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EC Should Retreat from Commercial Decisions at Farm Level - NBA
06/08/07

The European Commission must confine itself to only a “health check” when it re-examines its policy on subsidy decoupling in 2008, the National Beef Association said today.

© www.jennifermackenzie.co.uk

beef cattle

A complete overhaul of the CAP, on the same lines as the so-called 2002 review which eventually resulted in a full scale revamp and then the dismantling of direct subsidies in 2005, is the last thing farmers either want, or need, at a time they are only just beginning to get to grips with the most recent round of changes.

“The 2005 reforms moved UK farming irreversibly along the decoupled route and there have already been significant movements in the beef sector to accommodate the Commission’s wish to see more alignment between production and the market,” explained NBA director, Kim Haywood.

“Beef farmers are also right in the middle of moves to erase the glaring production inefficiencies created by decades of poorly targeted headage payments and any decision in Brussels that interrupted this much needed progression would be both ill-advised and confusing.”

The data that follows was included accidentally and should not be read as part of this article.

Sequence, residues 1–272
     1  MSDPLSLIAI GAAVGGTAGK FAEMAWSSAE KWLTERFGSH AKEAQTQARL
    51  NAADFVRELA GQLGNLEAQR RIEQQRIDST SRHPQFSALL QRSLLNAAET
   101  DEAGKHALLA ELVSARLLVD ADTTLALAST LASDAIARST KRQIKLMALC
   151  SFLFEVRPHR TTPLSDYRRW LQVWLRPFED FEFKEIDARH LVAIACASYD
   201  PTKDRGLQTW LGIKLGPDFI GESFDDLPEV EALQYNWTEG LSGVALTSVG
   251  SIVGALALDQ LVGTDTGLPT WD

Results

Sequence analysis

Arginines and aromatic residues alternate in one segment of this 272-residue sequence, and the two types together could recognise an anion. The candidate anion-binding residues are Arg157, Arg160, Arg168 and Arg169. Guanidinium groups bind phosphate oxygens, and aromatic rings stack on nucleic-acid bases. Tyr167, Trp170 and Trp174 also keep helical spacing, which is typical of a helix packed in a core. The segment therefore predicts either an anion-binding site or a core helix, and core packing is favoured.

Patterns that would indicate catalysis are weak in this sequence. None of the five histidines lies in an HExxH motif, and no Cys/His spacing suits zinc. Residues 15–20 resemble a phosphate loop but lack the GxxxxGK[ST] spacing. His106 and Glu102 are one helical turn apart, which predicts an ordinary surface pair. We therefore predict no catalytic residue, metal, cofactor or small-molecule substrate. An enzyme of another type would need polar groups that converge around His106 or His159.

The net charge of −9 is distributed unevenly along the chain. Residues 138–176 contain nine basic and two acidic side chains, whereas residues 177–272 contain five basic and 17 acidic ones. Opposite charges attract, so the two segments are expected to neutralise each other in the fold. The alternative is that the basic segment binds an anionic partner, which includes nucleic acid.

The NBA would also like to make clear its wish that both the Commission and the UK national government should retreat as far as possible from interfering with commercial decisions at farm level and confine themselves to disease control, food safety issues, farm yard research, the promotion of overseas marketing and assistance for farmers, through knowledge transfer and other tools, as they meet the challenge of the move from coupled to decoupled production systems.

“Farmers want only to farm now that decoupling has given them the freedom to manage their businesses in the way that is best for their holding, and for themselves,” said Ms Haywood.

“Government, and the Commission, should steer clear of issues that impact directly on commercial farming and contribute too much needed, long term, stability by creating the least regulated, and least complicated, management environment that is possible for practical farmers instead.”

“There is much that must still to be done in Brussels and at government level to make this possible and no reason whatsoever for anything beyond simple fine tuning and adjustment to be considered when EU farm ministers once again turn their minds to the CAP.”

link Beef Supply Shock On the Way
link UK Beef Exports Hit £122 Million
link Beef Farmers Await Positive Price Signal

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